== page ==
Université de Montréal obtains a certification that attests to its commitment to source sustainable fish for the meals it serves on campus.
Université de Montréal has received the Marine Stewardship Council"s certification for its supply of fish from responsible fishing.
"Out of 2.5 tonnes of fish served annually via our Local Local food services, 1.5 tonnes come from responsible fishing," said Stéphane Béranger, UdeM's sustainable development coordinator. "Fish from aquaculture are not recognized by this certification. We are working on a separate approval for those."
In Quebec, the council has accredited only two universities (UdeM and McGill) and 33 other purveyors (restaurants, shops and factories).
The independent audit and certification was welcomed with enthusiasm Nov. 14 by those bodies at UdeM that manage the supply: the Sustainable Development Unit and UdeM Food Services (which oversees Local Local).
"The process was initiated two years ago and required major changes in how we do things, especially in terms of warehouse logistics at Local Local," said Béranger. "We also had to train employees and draft new clauses in our calls for tender."
To receive the MSC's stamp of approval, a fishery must be independently assessed for the impact of its activities on fish stocks and marine ecosystems. The fishery's distributor must also be approved. Throughout the supply chain, from ocean to plate, MSC-certified fish and seafood are separated from those that are not. They are clearly labelled so that they can be traced back to the certified sustainable fishery.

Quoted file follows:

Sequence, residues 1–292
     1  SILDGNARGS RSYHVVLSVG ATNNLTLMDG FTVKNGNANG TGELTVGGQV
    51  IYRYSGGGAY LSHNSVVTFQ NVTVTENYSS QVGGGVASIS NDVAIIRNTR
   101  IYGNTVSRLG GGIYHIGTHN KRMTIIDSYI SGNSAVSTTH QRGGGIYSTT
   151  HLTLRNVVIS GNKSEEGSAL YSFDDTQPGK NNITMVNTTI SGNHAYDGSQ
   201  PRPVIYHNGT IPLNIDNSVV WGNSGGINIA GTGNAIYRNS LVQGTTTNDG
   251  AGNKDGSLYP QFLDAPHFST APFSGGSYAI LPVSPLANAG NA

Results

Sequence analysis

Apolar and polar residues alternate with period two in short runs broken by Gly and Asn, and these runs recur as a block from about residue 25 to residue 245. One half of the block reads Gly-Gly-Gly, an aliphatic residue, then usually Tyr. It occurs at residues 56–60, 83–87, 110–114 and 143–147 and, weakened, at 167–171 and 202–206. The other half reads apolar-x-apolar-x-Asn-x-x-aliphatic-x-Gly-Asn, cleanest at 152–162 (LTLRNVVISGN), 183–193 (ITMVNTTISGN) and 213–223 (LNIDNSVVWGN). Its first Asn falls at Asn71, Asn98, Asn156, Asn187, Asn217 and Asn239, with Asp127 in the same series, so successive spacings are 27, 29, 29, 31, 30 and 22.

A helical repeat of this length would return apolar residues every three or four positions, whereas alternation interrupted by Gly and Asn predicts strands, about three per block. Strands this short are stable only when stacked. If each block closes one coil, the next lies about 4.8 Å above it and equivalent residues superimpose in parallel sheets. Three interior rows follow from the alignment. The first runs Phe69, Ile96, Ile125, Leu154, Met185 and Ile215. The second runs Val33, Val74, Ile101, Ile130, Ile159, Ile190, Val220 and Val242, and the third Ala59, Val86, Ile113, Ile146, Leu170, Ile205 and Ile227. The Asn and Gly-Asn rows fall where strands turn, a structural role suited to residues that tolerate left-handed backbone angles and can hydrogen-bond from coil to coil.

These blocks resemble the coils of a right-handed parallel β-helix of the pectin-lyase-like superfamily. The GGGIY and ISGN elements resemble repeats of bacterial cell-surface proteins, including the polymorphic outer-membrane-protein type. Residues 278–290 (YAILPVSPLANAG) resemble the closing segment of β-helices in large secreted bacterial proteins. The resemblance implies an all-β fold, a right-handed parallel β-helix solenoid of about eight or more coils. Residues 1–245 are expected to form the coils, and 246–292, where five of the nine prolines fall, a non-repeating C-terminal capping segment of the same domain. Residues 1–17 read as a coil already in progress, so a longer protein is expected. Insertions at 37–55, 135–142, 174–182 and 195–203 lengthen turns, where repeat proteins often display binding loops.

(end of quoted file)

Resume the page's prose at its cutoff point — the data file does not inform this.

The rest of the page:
Organizations that want to obtain MSC certification must source from approved suppliers who ensure that the fishery is sustainable. This means that fishing respects "the seabed, does not deplete resources, minimizes by-catch and allows fishermen to live with dignity," according to the MSC.
Certified organizations must also meet strict standards. For example, Local Local must keep all invoices and delivery notes for MSC products for at least three years. In addition, the storage and preparation of MSC products must always be kept separate to ensure traceability. The same applies on the seller side. Fortunately, Local Local only serves one type of fish at a time for hot meals.
Pascal Prouteau, director of UdeM's Residences, Hotels and Restaurants division, and Aurélie Feuerstein, its chief executive, applauded the new certification.
"They lent themselves to the practice change exercise and quickly put in place measures to help employees take part in the accreditation process and thus offer a variety of more responsible products to customers," said Béranger.
"More than ever, students are asking for food that meets sustainable development criteria – and sustainable fishing is an essential element of that."